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The Mast-Head: The Other Santos Mystery

Tue, 11/21/2023 - 18:20

Often the most interesting conversations happen when traveling. Last week, in St. Louis for a screening of a short film about the slavery project I have been involved with since 2017, the volunteer driving me from the airport first asked the usual questions then told me about herself. In her day job, Sarah did political research — generally searching public records for dirt on the opposition. Hearing that I was from Long Island, she wanted to know what I thought about George Santos.

The prevailing narrative on Representative Santos’s rise and imminent fall had bothered me from the start. How could the other side not have known that everything about him was shaded by lies, even his heavily Botoxed brow line? According to people who claimed to be close to the Democratic candidate who went up against Mr. Santos in 2022, his made-up résumé was known inside the campaign.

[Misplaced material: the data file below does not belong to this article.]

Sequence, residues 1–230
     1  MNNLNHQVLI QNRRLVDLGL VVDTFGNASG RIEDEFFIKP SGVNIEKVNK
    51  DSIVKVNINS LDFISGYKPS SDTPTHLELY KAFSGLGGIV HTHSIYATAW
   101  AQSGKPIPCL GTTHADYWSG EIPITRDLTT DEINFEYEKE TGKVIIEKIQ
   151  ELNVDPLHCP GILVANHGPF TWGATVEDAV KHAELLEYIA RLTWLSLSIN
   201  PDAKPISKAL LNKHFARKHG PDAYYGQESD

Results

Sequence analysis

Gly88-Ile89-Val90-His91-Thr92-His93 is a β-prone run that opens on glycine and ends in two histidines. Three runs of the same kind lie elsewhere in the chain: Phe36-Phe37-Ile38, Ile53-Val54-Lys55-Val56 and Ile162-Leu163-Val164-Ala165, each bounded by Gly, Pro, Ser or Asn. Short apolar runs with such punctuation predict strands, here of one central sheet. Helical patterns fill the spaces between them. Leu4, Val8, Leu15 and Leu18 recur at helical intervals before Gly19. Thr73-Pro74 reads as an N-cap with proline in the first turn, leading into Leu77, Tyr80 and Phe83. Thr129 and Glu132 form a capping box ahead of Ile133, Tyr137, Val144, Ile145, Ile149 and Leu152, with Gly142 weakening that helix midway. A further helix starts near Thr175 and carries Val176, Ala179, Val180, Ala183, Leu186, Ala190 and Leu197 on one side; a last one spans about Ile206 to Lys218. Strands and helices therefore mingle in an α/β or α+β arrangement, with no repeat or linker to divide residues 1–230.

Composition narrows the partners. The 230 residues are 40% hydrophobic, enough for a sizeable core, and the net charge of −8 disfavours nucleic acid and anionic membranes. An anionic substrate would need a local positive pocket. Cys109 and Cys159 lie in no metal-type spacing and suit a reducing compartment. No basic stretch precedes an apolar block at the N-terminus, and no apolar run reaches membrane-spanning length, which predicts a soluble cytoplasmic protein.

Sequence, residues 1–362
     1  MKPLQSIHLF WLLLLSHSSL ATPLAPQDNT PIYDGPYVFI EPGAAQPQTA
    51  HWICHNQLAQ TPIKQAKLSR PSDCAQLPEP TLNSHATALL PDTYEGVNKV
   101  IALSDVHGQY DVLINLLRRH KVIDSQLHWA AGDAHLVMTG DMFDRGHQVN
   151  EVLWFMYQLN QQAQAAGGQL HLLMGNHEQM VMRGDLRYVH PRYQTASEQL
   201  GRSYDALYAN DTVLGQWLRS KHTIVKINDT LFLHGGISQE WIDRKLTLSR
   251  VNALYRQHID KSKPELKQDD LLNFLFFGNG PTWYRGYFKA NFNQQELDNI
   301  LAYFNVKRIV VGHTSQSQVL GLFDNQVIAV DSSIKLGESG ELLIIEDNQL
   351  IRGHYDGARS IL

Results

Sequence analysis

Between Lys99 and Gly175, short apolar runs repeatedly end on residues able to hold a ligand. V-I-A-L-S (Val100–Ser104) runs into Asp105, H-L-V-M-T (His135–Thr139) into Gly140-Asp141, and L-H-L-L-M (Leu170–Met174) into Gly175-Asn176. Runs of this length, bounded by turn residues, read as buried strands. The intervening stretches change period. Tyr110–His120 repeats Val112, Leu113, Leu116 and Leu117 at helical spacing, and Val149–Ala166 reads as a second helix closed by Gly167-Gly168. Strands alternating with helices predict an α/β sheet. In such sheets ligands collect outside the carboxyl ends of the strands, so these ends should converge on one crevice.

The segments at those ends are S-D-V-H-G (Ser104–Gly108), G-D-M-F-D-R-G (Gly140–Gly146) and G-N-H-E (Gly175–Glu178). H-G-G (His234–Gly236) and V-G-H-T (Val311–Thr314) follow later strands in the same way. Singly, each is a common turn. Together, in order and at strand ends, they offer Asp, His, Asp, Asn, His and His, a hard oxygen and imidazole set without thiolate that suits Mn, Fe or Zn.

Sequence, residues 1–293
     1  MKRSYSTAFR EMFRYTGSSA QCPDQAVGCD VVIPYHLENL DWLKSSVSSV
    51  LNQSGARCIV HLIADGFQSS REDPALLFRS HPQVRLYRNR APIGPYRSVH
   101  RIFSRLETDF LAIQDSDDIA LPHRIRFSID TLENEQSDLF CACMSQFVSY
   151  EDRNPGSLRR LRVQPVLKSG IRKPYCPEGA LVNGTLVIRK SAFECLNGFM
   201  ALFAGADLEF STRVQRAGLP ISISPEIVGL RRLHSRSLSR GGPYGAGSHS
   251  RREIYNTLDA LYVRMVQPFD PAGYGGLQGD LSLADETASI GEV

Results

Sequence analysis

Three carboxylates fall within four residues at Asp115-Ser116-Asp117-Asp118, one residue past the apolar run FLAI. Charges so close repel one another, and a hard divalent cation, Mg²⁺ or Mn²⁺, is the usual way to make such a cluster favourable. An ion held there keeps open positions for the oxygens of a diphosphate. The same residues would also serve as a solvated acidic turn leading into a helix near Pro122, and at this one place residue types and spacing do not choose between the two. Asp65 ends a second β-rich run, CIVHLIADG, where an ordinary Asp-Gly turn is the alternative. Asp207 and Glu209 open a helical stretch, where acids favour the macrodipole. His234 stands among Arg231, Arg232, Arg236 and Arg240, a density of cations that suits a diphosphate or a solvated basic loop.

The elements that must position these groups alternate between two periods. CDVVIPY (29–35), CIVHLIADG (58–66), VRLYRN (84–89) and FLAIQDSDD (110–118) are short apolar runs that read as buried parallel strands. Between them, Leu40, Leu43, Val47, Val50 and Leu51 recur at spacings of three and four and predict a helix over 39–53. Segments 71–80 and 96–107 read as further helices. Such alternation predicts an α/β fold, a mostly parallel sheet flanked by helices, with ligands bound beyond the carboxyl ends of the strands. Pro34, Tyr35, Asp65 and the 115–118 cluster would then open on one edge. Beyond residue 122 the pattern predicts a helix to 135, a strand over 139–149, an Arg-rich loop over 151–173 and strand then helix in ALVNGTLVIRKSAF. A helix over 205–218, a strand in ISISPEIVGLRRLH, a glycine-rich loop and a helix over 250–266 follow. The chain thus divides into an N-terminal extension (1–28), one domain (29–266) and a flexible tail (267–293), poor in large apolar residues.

I told my new friend that I knew Robert Zimmerman, who ran against Mr. Santos, and that I did not buy the state Democrats’ claim that they had unsuccessfully shopped the story to The New York Times and Newsday before the election. It seemed to me that had Mr. Zimmerman been rebuffed by the big guns, he could have easily called me or, say, Joe Shaw, at The Press. Neither of us covers the portions of Long Island and Queens in Mr. Santos’s district, but, speaking for myself, I would have jumped on the story had we been tipped off and I think Joe would have, too. Among Mr. Santos’s many made-up facts, is that he owned a house on Dune Road.

As it was, only a single news outlet, The North Shore Leader, reported on Mr. Santos’s apparent fabrications. I did not get it other than to think that Mr. Zimmerman, in fact, did not really want to be in Congress.

Sarah was not surprised. “They knew,” she said confidently. As she explained, a lot of the time, the work she was commissioned to do was used by the campaigns. “Usually there is a deal. ‘You don’t use your information on me, and I won’t use yours.’ ”

New York played a big part in flipping the House to the Republicans, who hold a narrow eight-seat majority. Mr. Santos’s surprise win and the New York Democrats’ seeming complicity in it is a story yet to be told. If Sarah is right that the other side knew and did nothing, that is the far greater mystery.


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